InvestMaryland Wins Big, Raises $84 million for VC program

Last week, the State of Maryland became the first state in the USA to use an online auction to raise funds for a venture capital program.  The auction yielded $84 million, a whopping 20% more than the original forecasted goal of $70 million.  On September 24, 2011, I wrote a brief summary of the InvestMaryland program.

InvestMaryland will invest in the State’s promising start-up and early stage companies, as early as this summer.  The $84 million raised was generated through an online auction of premium tax credits to 11 insurance companies (including Hartford Insurance, New York Life, Chubb, GEICO, and Met Life) with operations in Maryland.  The inaugural round of investments will be made in innovative companies this summer through several private venture capital firms and the State’s successful Maryland Venture Fund (MVF),

Said Governor Martin O’Malley, “Our State is well-positioned to be a leader in the new economy as a global hub of innovation – a leader in science, security, health, discovery and information technology. That’s why last year, together with business leaders from across the State and the General Assembly, we chose to invest in our diverse and highly-educated workforce and the skills and talents of our people for the jobs and opportunity of tomorrow.”  

The InvestMaryland program is being implemented through the Maryland Venture Fund Authority, on which I am very proud to serve, as well as the Maryland Department of Business and Economic Development (DBED).

Earlier this year, the Authority selected Grant Street Group to prepare for and run the tax credit auction and also recently selected Altius Associates, a London-based firm, to oversee the selection of three to four private venture firms to invest the InvestMaryland funds. The private venture firms will be responsible for investing two-thirds of the funds, which will return 100 percent of the principal and 80 percent of the profits to the State’s general fund. The remaining 33 percent will be invested by 17-year-old Maryland Venture Fund (MVF).  The Maryland Small Business Development Financing Authority (MSBDFA) will also receive a portion of funds for investment. Returns on the funds invested through the MVF will be reinvested in the program.

InvestMaryland has the potential to create thousands of jobs in Innovation Economy sectors – life sciences and biotechnology, cyber security/IT and clean/green tech and attract billions of follow on capital.

Maryland has an outstanding infrastructure to support an Innovation Economy. The Milken Institute ranks Maryland #2 in the nation for technology and science assets. According to study results, while Maryland received high rankings in human capital investment, research and development inputs, technology and science workforce, and technology concentration and dynamism, it lagged behind other states in risk capital and entrepreneurial infrastructure, demonstrating the need for InvestMaryland and other programs.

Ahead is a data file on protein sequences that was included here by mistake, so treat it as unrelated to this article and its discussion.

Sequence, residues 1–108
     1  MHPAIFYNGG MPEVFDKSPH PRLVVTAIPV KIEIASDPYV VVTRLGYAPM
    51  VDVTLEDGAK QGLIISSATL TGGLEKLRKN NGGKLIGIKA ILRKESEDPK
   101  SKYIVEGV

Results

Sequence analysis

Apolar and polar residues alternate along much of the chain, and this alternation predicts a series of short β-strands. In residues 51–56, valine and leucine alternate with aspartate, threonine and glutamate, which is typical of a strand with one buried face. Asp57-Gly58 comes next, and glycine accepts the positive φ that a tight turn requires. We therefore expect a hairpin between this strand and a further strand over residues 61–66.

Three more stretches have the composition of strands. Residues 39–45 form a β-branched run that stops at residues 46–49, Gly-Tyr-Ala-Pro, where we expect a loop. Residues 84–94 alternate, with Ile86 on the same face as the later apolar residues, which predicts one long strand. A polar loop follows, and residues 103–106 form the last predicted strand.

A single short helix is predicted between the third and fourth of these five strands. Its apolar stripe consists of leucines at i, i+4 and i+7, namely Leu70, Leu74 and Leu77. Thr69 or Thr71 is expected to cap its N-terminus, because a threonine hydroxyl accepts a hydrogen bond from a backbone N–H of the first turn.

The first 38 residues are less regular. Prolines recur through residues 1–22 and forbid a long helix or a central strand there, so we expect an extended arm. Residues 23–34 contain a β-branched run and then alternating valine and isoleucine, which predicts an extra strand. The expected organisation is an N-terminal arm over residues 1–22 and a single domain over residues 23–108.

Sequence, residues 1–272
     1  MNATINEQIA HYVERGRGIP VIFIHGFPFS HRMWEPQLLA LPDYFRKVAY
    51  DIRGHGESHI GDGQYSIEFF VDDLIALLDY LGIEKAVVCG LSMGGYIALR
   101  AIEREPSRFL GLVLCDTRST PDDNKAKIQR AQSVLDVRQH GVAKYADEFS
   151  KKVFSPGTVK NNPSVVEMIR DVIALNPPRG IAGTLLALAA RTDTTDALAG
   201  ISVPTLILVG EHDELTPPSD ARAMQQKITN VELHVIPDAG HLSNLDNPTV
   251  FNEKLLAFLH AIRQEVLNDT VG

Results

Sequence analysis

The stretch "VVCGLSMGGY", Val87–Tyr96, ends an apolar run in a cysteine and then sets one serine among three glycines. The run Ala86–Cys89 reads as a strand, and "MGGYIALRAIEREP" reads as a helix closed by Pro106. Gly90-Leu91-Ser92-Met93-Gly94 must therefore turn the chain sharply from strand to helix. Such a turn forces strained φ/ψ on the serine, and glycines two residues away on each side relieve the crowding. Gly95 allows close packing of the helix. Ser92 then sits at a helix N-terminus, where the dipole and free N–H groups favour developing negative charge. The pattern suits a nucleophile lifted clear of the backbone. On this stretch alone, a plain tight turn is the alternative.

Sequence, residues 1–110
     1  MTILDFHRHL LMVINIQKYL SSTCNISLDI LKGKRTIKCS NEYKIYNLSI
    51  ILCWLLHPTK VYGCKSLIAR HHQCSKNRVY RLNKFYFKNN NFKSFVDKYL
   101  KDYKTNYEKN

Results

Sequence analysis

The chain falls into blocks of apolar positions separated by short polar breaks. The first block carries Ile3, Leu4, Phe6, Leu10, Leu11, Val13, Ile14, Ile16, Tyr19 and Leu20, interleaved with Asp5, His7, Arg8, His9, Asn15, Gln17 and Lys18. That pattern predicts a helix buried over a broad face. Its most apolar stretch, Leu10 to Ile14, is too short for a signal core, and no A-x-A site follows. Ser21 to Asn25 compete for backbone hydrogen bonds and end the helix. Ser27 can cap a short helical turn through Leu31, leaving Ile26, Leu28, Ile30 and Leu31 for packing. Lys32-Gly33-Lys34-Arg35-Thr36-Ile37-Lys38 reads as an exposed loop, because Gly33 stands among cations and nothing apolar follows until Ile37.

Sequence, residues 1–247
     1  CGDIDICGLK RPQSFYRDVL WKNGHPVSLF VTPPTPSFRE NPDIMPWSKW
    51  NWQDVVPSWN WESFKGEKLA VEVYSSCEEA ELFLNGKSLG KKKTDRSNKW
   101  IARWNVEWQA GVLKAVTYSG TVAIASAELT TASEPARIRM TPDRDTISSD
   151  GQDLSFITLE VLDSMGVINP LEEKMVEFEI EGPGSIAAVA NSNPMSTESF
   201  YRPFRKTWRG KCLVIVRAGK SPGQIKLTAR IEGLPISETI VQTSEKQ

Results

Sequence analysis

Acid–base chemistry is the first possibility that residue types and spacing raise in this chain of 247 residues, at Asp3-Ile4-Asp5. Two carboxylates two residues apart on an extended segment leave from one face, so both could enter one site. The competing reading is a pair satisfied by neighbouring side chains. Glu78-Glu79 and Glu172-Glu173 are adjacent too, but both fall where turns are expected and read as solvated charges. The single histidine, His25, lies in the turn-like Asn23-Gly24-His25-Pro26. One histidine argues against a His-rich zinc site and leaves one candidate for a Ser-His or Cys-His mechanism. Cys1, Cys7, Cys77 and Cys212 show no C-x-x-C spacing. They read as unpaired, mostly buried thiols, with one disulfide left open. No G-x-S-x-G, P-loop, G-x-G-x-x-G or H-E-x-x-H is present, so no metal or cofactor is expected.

How will Altius select the Venture Capital firms?  Altius will be evaluating venture capital funds based on management experience, firm experience, investment performance and criteria defined in the legislation.

When will the firms be selected?  Venture capital firms will be selected starting June/July 2012 for a projected18-month period and make first round of investments in summer 2012.

What is the investment return to the State? The selected venture firms will return 100 percent of the principal investment by the State before taking any distribution of profits and will then pay 80 percent of the profits to the State.  Any returns on investments made through the Maryland Venture Fund go back into the fund for an evergreen program.

What is the projected average investment with venture capital companies? Investment will likely range from as low as $250,000 upwards to $10M.

Is there investment funding available from MVF?   Maryland Venture Fund will continue to invest in early stage companies (tech, biotech, clean energy) from $50,000 to $500,000 as initial investments.

Maryland Venture Fund Authority (MVFA) will perform a monitoring role to ensure that  investments and reporting meet the legislative guidelines.

In summary, as a member of the MVFA, and as a resident and business owner in Maryland, I am very excited to see this InvestMaryland program being implemented:

  • This program brings great benefit for taxpayers.  It helps create the jobs and companies of tomorrow and builds an economic climate where the most promising ideas and innovations have a chance to mature.
  • This is a win-win for all constituencies within the State of Maryland. Through this initiative, we can:
    • Infuse much needed capital into our seed and early stage companies
    • Recapitalize the State’s successful Maryland Venture Fund
    • Ensure no up-front cost to taxpayers
    • Provide a tax benefit to insurance companies who bid today, who can begin claiming credits in 2015.

Thanks for reading.  I’d appreciate any Comments or feedback you may have on InvestMaryland.